September 16, 2021: Research from the COVID-19 Global Rheumatology Alliance evaluated the experience of COVID-19 vaccination among 2860 RMD patients. As reported in RMD Open, 81.9% of patients reported communicating with healthcare providers about vaccination, of whom 88.2% were satisfied with the communication and 95.6% said vaccination was recommended. The study authors conclude that "[c]linicians should maintain awareness of changing guidelines as further data become available to provide continued communication and patient counselling regarding risks and benefits of vaccination."
June 23, 2021: Study findings published in The Lancet Rheumatology showed that COVID-19 vaccines are well tolerated in people with autoimmune diseases, which the researchers say "might reassure patients who remain hesitant about COVID-19 vaccinations." Laura Boekel (Amsterdam Rheumatology and Immunology Center, the Netherlands) and team's questionnaire study included 505 patients with autoimmune diseases and 203 healthy controls, and these groups had a similar risk for adverse events on multivariable analysis.
June 8, 2021: The authors of a study presented at the EULAR 2021 Virtual Congress aimed to address vaccine hesitancy in RMD patients using an educational video focused on vaccine safety that was delivered on mobile phones. Lavanya Rajagopala (The Royal Wolverhampton NHS Trust, UK) reported that 52% of 664 individuals said they were unsure about vaccine safety prior to watching the video, but 77% said they would be more likely to have a COVID-19 vaccine after watching the video.
March 31, 2021: Caoilfhionn Connolly (Johns Hopkins University, Baltimore, Maryland, USA) and team reported the findings of a study evaluating COVID-19 vaccine safety in RMD patients. As outlined in a letter to the Annals of the Rheumatic Diseases, they found that local and systemic adverse events in RMD patients following receipt of an mRNA COVID-19 vaccine were consistent with those seen in the clinical trial populations. The team says that their “reassuring” findings may help to address concerns regarding vaccine hesitancy.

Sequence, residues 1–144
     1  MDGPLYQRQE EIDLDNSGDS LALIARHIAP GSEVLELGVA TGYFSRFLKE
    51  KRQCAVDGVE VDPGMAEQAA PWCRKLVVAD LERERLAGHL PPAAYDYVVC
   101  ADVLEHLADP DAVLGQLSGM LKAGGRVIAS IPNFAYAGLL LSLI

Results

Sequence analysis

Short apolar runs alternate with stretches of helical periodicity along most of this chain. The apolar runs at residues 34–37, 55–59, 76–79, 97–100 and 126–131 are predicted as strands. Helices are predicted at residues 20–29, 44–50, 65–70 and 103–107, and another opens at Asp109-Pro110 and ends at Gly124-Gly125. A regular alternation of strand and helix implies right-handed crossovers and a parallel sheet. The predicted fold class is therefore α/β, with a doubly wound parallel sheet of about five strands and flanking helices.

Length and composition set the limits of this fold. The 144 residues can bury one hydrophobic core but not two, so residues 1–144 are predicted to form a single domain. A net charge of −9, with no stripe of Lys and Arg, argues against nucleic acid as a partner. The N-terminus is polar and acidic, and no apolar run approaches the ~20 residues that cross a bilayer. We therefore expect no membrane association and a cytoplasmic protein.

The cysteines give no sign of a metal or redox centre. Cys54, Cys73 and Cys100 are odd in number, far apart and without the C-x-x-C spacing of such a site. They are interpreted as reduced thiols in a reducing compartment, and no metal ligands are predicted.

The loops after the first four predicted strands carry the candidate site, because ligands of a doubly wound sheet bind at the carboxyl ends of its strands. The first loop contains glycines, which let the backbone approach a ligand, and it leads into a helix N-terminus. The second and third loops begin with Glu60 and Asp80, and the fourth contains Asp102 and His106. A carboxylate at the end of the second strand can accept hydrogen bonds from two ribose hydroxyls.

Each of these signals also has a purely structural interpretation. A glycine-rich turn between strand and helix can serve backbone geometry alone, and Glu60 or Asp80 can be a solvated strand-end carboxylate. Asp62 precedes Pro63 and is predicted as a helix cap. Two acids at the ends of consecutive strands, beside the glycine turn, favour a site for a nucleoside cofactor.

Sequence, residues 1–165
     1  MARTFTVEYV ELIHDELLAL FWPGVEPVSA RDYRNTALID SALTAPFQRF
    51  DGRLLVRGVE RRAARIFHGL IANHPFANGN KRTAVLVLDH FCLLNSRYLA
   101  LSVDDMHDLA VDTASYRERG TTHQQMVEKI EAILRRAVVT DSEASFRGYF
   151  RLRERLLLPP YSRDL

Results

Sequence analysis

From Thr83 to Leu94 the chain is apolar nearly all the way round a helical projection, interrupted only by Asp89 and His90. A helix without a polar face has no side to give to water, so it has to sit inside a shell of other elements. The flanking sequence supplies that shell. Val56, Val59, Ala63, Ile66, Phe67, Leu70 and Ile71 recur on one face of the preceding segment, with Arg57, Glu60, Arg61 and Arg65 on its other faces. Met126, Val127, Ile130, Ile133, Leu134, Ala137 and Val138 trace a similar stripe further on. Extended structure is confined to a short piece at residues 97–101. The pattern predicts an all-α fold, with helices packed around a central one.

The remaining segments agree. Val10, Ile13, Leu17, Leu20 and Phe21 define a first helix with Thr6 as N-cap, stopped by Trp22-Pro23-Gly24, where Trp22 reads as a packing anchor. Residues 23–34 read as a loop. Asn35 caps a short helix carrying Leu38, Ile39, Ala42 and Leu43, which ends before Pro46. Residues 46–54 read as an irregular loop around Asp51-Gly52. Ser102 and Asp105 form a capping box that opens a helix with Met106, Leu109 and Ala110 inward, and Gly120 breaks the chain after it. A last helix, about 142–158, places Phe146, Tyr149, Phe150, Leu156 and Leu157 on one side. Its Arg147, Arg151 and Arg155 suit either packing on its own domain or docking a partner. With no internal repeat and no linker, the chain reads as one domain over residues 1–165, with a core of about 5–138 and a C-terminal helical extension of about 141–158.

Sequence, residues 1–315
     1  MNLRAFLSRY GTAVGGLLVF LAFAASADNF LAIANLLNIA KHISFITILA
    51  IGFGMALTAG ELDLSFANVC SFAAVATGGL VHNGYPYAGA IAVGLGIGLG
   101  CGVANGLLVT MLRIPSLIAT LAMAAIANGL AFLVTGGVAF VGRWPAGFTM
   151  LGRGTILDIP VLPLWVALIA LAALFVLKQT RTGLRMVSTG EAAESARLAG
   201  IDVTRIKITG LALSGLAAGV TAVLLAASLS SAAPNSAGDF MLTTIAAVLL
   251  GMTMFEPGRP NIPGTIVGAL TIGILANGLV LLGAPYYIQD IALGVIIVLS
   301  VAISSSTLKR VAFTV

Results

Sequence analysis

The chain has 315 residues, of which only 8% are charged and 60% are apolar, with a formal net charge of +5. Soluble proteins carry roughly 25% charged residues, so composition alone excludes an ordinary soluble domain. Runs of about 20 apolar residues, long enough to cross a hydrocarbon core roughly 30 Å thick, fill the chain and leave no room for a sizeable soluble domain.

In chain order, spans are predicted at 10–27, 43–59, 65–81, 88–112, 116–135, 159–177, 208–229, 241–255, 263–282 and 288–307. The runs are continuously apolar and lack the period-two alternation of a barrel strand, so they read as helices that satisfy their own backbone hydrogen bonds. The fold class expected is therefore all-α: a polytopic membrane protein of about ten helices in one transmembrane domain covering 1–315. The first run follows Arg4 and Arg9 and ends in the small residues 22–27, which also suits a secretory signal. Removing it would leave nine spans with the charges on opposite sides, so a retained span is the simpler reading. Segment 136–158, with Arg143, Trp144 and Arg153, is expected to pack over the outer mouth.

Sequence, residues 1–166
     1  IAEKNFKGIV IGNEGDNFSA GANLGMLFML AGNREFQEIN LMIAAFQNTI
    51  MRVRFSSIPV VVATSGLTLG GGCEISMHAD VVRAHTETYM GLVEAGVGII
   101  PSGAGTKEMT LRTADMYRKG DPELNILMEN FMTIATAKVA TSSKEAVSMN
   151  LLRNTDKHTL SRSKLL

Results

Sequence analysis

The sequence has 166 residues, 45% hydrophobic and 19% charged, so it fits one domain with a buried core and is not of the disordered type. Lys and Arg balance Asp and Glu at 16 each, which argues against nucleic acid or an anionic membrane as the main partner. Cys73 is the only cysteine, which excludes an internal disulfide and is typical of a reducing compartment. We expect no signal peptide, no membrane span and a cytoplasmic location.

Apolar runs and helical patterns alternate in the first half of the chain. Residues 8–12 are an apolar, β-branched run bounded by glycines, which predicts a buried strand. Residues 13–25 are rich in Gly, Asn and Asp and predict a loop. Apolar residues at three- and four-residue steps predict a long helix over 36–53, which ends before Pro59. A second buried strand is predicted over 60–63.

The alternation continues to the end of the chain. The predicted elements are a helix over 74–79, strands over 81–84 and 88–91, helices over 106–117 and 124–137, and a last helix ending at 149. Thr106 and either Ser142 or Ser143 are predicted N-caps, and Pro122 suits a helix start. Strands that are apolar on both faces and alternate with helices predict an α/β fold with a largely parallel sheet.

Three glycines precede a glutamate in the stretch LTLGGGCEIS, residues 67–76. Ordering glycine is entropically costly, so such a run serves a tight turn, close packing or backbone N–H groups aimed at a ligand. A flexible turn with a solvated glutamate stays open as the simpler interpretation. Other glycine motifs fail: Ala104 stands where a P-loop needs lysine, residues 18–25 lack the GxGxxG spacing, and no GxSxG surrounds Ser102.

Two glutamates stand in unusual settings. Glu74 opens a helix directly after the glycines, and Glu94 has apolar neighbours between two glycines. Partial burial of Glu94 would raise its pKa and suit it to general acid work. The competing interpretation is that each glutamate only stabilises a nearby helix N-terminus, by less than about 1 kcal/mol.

March 1, 2021: A European survey study found that 87% of 1505 adults with rheumatic, autoimmune, and autoinflammatory conditions said they would have the COVID-19 vaccine, while 11% were unsure and 2% said they did not intend to have the vaccine when offered. As outlined in a letter to Rheumatology, 51% of respondents who answered a question about reasons for not having the COVID-19 vaccine said that a lack of information was a factor, including concerns about potential medication contraindications, adverse events, and suitability of the vaccine for people with autoimmune conditions. The authors note that only “a very small minority” of respondents were against vaccination due to conspiracy theories. Richard Beesley (Juvenile Arthritis Research, Tonbridge, UK) and co-authors therefore recommend that “[c]lear, concise and accessible information is likely to increase vaccination uptake and reduce direct calls to rheumatology centres.”
In accordance with these findings, two studies published in The Lancet Rheumatology found that RMD patients’ willingness to receive a COVID-19 vaccine improved if their physician recommended vaccination. The first found that 69% of 515 patients from the Netherlands who were initially uncertain about whether they would accept a vaccine and 31% of 118 who were unwilling said they would change their minds following advice from their physician. Similarly, the second study of 1266 patients found that willingness to be vaccinated increased from 54.2% to 62.8% when recommended by a physician, with specialists (eg, rheumatologists and internists) the most trusted healthcare provider regarding vaccination recommendations. These findings led the researchers to conclude that rheumatologists have a “crucial and timely role” in improving vaccination uptake.